The Ugly Day Didn’t Pan Out – Hamilton Bayfront

There was a day, a few weeks ago, I decided I would try to challenge myself and photograph “ugly” things when I went out for a walk around the city. Of course, it ended up being that really warm, sunny Saturday when so many people were out enjoying the sudden break in weather. It was impossible to not see beautiful things that day. Even the ugliness barely looked ugly. And there were so many couples just wandering around, laughing, holding hands, and a man feeding pigeons. I think that’s just so kind. A lot of people really hate pigeons, but this man had brought a bag of bird seed and was throwing it for them. No word of a lie, he was backlit by the sun, as if he was some kind of angelic being in the gritty centre of the city, feeding the very birds that contribute to its grittiness.

People always seem so much happier on the first warm, sunny days of spring. It did feel good to not wear a coat that day. And the feeling is infectious. But…. on the grey days… there are still solutions to combating the cold and isolation.

Pretty donuts, hot drinks, and a book in a cafe with steamy windows.

Cute, colourful buildings against a dark sky.

Buildings with big windows and weird architectural features…..

Really, whatever you please.

 

 

Why I Love Cities

Some people only want to live in cities. I have always known that I am a small town person. The countryside is beautiful, but the few years we had to ration water, and the amount of grass that needs to be cut, confirmed for me it wasn’t for me. At the same time, I’m not a city dweller, and don’t really plan to be, but I love cities. Every time I say that, someone inevitably points out the busy-ness and the smog and whatever else that is typically wrong with city life, and yes, I get it, that’s why I love my town but…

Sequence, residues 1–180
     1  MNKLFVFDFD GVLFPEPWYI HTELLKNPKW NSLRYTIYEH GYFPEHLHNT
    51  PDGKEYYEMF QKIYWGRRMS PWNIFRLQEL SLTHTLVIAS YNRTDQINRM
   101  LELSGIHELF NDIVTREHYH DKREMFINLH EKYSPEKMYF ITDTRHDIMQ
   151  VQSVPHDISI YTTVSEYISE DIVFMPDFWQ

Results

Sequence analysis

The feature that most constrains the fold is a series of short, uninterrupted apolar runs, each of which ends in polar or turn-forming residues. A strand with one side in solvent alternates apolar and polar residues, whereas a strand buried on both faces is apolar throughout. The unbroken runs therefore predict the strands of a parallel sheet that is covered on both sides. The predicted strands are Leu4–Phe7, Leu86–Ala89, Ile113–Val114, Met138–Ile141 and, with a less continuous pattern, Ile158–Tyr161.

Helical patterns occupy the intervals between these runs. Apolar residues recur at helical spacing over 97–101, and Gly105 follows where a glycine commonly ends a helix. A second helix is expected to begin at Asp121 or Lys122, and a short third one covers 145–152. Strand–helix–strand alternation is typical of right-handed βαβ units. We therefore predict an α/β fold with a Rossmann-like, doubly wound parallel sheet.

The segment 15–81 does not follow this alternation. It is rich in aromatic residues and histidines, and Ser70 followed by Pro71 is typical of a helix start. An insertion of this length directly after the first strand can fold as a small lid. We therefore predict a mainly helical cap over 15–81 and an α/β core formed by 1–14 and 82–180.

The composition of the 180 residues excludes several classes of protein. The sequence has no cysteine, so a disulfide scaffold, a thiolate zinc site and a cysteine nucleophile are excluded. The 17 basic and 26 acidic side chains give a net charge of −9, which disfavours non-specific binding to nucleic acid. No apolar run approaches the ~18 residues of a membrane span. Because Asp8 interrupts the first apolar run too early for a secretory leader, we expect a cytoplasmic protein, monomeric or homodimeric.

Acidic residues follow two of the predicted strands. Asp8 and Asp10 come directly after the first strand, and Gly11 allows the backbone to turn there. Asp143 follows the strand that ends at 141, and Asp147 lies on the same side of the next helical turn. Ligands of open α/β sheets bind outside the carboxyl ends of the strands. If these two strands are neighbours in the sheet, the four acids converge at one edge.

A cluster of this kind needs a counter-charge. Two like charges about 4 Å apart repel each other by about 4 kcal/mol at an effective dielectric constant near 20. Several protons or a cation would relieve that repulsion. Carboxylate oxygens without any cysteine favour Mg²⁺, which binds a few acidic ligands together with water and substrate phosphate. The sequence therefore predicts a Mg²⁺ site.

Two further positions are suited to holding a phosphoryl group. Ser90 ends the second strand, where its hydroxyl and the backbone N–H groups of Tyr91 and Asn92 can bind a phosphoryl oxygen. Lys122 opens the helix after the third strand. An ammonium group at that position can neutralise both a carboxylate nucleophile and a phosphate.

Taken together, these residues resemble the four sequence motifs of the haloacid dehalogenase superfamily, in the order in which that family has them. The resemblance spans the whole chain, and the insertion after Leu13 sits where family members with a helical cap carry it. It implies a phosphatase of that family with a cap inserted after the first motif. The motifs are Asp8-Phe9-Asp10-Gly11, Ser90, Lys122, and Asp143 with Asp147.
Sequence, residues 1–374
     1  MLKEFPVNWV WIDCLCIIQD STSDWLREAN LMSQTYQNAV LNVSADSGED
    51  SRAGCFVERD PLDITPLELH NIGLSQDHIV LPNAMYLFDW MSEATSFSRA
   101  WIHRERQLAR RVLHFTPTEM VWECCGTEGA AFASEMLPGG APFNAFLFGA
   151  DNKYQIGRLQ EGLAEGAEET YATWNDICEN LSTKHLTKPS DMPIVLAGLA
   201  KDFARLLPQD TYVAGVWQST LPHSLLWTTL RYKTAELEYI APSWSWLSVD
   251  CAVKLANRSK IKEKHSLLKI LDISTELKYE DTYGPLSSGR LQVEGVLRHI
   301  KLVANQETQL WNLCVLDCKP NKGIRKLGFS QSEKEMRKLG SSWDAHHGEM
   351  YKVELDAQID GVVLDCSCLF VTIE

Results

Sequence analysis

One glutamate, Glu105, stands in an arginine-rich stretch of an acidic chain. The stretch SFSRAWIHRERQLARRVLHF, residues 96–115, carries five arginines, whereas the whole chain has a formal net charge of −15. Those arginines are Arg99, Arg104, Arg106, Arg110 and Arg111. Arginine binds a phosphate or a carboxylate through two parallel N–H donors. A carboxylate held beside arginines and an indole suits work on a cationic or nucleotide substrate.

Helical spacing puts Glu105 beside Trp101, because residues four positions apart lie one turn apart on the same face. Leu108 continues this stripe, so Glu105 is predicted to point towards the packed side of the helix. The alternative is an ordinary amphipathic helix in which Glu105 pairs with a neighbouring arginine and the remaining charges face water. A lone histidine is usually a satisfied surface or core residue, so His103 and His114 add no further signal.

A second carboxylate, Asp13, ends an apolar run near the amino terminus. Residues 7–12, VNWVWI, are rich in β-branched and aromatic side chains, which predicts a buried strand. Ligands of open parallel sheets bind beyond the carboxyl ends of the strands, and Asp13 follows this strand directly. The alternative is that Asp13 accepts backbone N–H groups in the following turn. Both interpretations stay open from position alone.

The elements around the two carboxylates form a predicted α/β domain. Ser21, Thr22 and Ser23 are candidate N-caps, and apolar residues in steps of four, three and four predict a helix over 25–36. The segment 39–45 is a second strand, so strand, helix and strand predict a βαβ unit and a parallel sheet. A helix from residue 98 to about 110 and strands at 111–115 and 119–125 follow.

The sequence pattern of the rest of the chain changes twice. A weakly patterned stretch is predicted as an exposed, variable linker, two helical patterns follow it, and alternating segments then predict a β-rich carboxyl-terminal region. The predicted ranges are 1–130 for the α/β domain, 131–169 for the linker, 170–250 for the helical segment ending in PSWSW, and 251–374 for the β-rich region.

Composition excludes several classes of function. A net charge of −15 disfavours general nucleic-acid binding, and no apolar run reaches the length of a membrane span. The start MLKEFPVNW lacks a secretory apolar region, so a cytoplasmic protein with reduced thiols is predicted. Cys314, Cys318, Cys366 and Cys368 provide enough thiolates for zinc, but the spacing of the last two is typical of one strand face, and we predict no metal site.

My reasons for loving cities are pretty valid, especially with my – coffee-centric, explore your neighbourhood and photograph it, love history, and indie art and music – type of personality. I will share my favourite city places in a later post, for now here are my arguments for why cities are great.

  1. There are coffee places everywhere. I’m not a connoisseur, I don’t ever think “wow, this place has the best coffee”, I just want a hit of caffeine and I don’t want it to taste like swamp water. That being said, it’s nice to have a variety of different places to visit, within walking distance, with their own charm. Small towns may have a coffee place or two, but they are probably in the same neighbourhood, and one of them might be a chain; it doesn’t feel as much like exploring and then relaxing, if you sit with your book. Also, you feel silly in a small town, and less anonymous, just sitting there working, alone.

Durand Coffee, in the Durand Neighbourhood. My favourite part is the mural

     2. Cities have super weird buildings. So do towns. But it’s fun to come upon them unexpectedly when you’re wandering around a place you don’t know very well.

These two aren’t super weird examples, but I’m quite certain you understand my meaning. There are unexpected things everywhere in cities.

      3. There’s a mix of old and new. This particular neighbour is a bizarre assortment of condos, apartments, and beautiful old brick homes. Did you ever see that kids’ movie, Monster House? This whole neighbourhood reminds me of that.

4. Now, towns definitely have this going for it… cities are full of the quirkiness factor, or the daydream factor, whichever you prefer. Those little touches of humanity that make you smile… a funny coloured wall, chairs on a deck where people have been sitting enjoying the sun, stained glass windows in an run down building. Those are my favourite things of all.

There are so many things to love about a place, but obviously, there’s no place like home.

 

 

Punchbowl hike in the fog

My birthday is at the end of January. That means a lot of cancelled birthday plans for bad weather. It’s meant that some years I’m reluctant to even try, so I had one main goal this year… hike a waterfall in Hamilton. Hamilton is known for its waterfalls and I’ve only seen maybe three of them. My cousin Liz said she’d go with me on my actual birthday, a Sunday. Of course, the weather wasn’t good. It was insanely foggy, which, by the way, is very weird for a Canadian winter. We went anyway, and despite the ridiculous amount of mud, which added weight to our boots, it was worth it.

I couldn’t really see the waterfall, but I managed to create some of my favourite images in years.

There is something about fog that instantly adds a level of mystery to your photographs. The world becomes an entirely different place. Devil’s punchbowl is on the far east side of Hamilton, and it’s also home to a really amazing bakery, (Best peanut butter pies you’ve EVER eaten).